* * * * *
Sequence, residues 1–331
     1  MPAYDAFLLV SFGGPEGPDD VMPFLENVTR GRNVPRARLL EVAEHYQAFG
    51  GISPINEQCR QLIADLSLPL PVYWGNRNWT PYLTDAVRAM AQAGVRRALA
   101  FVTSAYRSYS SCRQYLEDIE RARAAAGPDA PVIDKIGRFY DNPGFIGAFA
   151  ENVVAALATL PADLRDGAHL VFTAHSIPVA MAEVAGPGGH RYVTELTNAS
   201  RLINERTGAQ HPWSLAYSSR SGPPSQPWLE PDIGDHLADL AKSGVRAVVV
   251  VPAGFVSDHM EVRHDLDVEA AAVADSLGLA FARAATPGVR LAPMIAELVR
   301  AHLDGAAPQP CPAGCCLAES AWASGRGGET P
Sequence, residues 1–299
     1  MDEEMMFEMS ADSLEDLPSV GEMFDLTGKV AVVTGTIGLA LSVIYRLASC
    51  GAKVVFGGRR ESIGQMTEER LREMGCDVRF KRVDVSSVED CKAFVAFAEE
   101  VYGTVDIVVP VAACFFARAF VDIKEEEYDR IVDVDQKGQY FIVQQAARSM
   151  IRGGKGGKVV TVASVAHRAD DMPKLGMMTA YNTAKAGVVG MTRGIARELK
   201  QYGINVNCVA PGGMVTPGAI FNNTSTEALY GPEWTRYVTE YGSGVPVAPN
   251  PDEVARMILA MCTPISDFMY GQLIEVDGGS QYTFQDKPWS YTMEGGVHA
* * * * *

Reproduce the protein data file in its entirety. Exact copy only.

Sequence, residues 1–331
     1  MPAYDAFLLV SFGGPEGPDD VMPFLENVTR GRNVPRARLL EVAEHYQAFG
    51  GISPINEQCR QLIADLSLPL PVYWGNRNWT PYLTDAVRAM AQAGVRRALA
   101  FVTSAYRSYS SCRQYLEDIE RARAAAGPDA PVIDKIGRFY DNPGFIGAFA
   151  ENVVAALATL PADLRDGAHL VFTAHSIPVA MAEVAGPGGH RYVTELTNAS
   201  RLINERTGAQ HPWSLAYSSR SGPPSQPWLE PDIGDHLADL AKSGVRAVVV
   251  VPAGFVSDHM EVRHDLDVEA AAVADSLGLA FARAATPGVR LAPMIAELVR
   301  AHLDGAAPQP CPAGCCLAES AWASGRGGET P
Sequence, residues 1–299
     1  MDEEMMFEMS ADSLEDLPSV GEMFDLTGKV AVVTGTIGLA LSVIYRLASC
    51  GAKVVFGGRR ESIGQMTEER LREMGCDVRF KRVDVSSVED CKAFVAFAEE
   101  VYGTVDIVVP VAACFFARAF VDIKEEEYDR IVDVDQKGQY FIVQQAARSM
   151  IRGGKGGKVV TVASVAHRAD DMPKLGMMTA YNTAKAGVVG MTRGIARELK
   201  QYGINVNCVA PGGMVTPGAI FNNTSTEALY GPEWTRYVTE YGSGVPVAPN
   251  PDEVARMILA MCTPISDFMY GQLIEVDGGS QYTFQDKPWS YTMEGGVHA